• Thomas Metcalfe (March 20, 1780 – August 18, 1855), also known as Thomas Metcalf or as "Stonehammer", was a U.S. Representative, Senator, and the tenth Governor of Kentucky. He was the first gubernatorial candidate in the state's history to be chosen by a nominating convention rather than a caucus. He was also the first governor of Kentucky who was not a member of the Democratic-Republican Party, Metcalfe's primary concern as governor was the issue of internal improvements. Among his proposed projects were a road connecting Shelbyville to Louisville and a canal on the Falls of the Ohio. When President Andrew Jackson vetoed funds to construct a turnpike connecting Maysville and Lexington, Metcalfe built it anyway, paying for it entirely with state funds. Following his term as governor, he served in the state senate, and completed the unfinished term of John J. Crittenden in the U.S. Senate in 1848. After this, he retired to "Forest Retreat", his estate in Nicholas County, where he died of cholera in 1855. Metcalfe County, Kentucky was named in his honor.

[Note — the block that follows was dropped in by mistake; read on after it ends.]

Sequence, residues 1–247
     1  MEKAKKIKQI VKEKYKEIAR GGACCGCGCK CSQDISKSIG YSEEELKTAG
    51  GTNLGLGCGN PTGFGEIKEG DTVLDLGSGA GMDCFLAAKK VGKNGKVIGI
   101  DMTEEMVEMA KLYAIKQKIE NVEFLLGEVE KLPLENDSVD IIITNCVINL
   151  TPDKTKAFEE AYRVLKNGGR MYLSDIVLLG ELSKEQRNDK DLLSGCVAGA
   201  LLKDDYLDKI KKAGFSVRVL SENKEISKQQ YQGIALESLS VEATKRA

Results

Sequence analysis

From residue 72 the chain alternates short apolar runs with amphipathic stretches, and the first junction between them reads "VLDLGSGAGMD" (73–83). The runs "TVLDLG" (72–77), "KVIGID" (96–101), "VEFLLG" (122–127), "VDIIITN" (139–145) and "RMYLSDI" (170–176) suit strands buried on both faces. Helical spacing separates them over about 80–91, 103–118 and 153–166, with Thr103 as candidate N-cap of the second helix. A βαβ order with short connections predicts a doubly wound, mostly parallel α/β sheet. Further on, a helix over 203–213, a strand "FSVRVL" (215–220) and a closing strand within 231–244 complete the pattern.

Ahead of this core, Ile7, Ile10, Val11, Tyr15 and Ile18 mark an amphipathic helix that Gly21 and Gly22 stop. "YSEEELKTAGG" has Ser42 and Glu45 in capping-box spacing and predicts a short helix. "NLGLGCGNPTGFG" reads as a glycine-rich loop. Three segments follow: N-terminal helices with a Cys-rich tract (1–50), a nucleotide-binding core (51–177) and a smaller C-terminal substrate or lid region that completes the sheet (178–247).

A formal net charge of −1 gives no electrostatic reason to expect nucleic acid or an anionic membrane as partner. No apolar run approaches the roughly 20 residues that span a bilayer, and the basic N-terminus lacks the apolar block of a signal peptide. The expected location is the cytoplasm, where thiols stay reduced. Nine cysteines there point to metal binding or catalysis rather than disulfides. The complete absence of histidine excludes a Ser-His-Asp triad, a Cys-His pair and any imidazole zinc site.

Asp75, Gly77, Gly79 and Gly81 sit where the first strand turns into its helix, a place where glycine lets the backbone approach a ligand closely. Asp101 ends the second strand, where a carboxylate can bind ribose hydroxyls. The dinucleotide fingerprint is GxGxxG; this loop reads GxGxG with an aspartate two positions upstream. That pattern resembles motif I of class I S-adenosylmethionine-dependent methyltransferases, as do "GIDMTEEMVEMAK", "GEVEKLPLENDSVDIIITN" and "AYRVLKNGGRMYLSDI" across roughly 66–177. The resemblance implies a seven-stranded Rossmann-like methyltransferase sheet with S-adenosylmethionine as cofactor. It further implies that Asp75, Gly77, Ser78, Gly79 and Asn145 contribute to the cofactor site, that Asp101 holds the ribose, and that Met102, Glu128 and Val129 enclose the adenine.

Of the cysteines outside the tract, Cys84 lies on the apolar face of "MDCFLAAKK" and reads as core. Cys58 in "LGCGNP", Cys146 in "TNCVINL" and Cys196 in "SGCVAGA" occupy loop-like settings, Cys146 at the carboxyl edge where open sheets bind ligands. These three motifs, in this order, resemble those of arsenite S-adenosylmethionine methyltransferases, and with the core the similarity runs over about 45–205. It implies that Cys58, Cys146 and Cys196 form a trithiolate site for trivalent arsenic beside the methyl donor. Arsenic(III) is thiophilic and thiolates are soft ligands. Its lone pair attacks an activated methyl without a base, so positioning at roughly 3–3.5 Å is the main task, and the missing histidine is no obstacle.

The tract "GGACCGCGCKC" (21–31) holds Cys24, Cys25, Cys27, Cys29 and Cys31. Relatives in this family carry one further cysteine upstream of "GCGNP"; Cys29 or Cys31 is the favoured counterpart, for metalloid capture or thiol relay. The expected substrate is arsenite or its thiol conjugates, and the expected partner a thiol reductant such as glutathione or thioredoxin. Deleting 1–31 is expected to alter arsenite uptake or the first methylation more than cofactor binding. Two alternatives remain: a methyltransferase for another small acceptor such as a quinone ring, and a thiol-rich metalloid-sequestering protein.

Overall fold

• Author Barbara Kingsolver was raised near Carlisle.
  • Joseph Drake was born in Nicholas County. Drake was a lawyer, plantation owner, and Colonel in the Confederate States Army during the Civil War.

See also[edit]

http:www.carlisle-nicholascounty.org

References[edit]

  1. ^ a b "State & County QuickFacts". United States Census Bureau. Archived from the original on July 15, 2011. Retrieved March 6, 2014. 
  2. ^ "Find a County". National Association of Counties. Retrieved 2011-06-07. 
  3. ^ http://www.kyenc.org/entry/n/NICHO03.html
  4. ^ The Register of the Kentucky State Historical Society, Volume 1. Kentucky State Historical Society. 1903. p. 36. 
  5. ^ Collins, Lewis (1882). Collins' Historical Sketches of Kentucky: History of Kentucky, Volume 2. Collins & Company. p. 26.